At this point, we're kinda disappointed with the activity, but we haven't done our investigations at the Squirrel Cage Jail or Villisca House yet, which I'm glad or we might have been even more disappointed. For this place being crazy haunted, we weren't getting much. The eeriest place in the manor is this hallway that has blood all along the walls and a handprint at the end. Here is Josh talking about that. (Josh Blood) We headed into Henry's room. This is a guy who traditionally is thought to not like women, so we were a bit apprehensive as four women standing in his room. We did a dowsing rod session. We felt pretty welcome. We'll play that interaction here. (Henrys Room)
We headed up to the creepy attic. This is a malevolent area with stories of growling, disembodied voices and other kinds of sounds. Josh said that people feel a tightness in their chest and then they get nauseous and get sick sometimes. There are lots of beer cans and cigarettes up here, almost as though they have been left as offerings. There are two crawl spaces up here that Josh has been inside of several times and he has found playing cards and keys. He usually is trying to find critters that may have died. Erina did not join us up here. The only interaction we got up here was basically the entity telling us they wanted us to leave.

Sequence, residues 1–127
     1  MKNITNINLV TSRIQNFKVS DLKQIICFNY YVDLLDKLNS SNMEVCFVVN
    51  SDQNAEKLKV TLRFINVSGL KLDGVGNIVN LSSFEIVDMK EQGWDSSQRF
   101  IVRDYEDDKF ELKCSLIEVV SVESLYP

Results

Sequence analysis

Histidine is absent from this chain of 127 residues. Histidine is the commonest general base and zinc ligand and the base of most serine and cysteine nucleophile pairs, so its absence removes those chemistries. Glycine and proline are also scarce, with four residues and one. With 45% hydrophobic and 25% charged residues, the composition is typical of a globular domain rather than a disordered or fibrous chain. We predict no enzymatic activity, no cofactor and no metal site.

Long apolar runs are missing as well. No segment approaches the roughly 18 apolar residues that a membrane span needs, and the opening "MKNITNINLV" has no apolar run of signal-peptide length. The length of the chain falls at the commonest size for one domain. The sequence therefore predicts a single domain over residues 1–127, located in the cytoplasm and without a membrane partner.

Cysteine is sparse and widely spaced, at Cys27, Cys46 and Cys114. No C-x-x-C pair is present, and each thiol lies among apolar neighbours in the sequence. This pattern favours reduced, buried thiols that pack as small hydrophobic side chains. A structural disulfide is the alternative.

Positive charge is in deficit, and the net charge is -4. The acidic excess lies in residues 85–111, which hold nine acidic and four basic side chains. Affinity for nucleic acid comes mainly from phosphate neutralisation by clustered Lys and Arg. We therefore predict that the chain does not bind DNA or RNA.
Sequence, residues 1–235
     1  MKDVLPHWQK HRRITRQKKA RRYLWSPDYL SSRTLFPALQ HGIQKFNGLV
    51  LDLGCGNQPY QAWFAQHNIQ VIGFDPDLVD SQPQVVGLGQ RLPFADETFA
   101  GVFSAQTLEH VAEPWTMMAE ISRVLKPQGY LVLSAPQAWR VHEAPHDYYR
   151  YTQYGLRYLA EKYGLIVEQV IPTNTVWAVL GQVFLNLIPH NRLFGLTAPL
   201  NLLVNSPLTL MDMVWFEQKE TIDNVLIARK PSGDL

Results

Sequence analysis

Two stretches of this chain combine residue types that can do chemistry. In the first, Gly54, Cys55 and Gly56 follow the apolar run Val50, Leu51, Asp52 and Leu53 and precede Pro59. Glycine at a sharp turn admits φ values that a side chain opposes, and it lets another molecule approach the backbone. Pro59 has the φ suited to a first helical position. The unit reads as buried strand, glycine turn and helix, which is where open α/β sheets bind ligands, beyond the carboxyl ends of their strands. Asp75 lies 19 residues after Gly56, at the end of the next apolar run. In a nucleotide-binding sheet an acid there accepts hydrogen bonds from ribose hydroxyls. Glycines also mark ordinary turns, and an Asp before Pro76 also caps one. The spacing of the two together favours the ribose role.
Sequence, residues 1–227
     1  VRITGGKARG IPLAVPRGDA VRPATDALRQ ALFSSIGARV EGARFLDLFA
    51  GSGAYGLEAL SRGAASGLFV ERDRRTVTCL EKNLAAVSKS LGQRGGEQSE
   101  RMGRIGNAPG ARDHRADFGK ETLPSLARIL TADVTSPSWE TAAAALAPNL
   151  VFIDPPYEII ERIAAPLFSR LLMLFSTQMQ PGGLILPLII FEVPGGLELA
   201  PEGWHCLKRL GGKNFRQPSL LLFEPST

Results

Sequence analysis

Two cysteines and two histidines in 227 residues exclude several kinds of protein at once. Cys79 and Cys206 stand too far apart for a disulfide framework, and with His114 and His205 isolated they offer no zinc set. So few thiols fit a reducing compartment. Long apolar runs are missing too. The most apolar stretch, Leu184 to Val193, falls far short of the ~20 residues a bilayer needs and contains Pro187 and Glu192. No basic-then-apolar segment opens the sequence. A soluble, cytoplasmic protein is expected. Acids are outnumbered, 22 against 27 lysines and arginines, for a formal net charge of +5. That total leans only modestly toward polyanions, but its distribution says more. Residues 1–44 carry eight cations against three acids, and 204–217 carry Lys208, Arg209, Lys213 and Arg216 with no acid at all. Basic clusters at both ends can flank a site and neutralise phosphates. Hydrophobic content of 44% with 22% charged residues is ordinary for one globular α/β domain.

Gracie's Room was our next stop. This room was fairly dark with a hospital bed that still had the head position set upright and a wheelchair. A little nearby shelf on the wall held her glasses. This is the dwelling area for one of the manor's more well known ghosts. Her story is a tragic one as she was diagnosed with both Schizophrenia and Multiple Personality Disorder or what we now refer to as Dissociative Identity Disorder. No one is sure how many personalities Gracie had locked in her brain, but nurses once documented thirteen personalities in a two hour period. Josh says that he believes that some of the entities that people encounter here could be some of her different personalities. And this is hugely fascinating to us and a reason we would want to go back and investigate with more purpose in the future. Imagine the possibility that there is only one spirit in this building, but that she can present as a series of personalities. And then what does that say about the afterlife. Are these just all residual imprints? Is Gracie still suffering from these illnesses in the afterlife? No one wants to believe that is possible. We have Richard Estep's book on Malvern Manor and it is titled, "The Devil's Coming to Get Me." The book bears that title because it is something that would come out of Grace's mouth many times in a low gruff tone as though a man were speaking. The staff would be chilled to the bones when they heard this, particularly because it tended to happen at night. We got a bunch of nothing in her room as this sound bite indicates. (Gracies Room)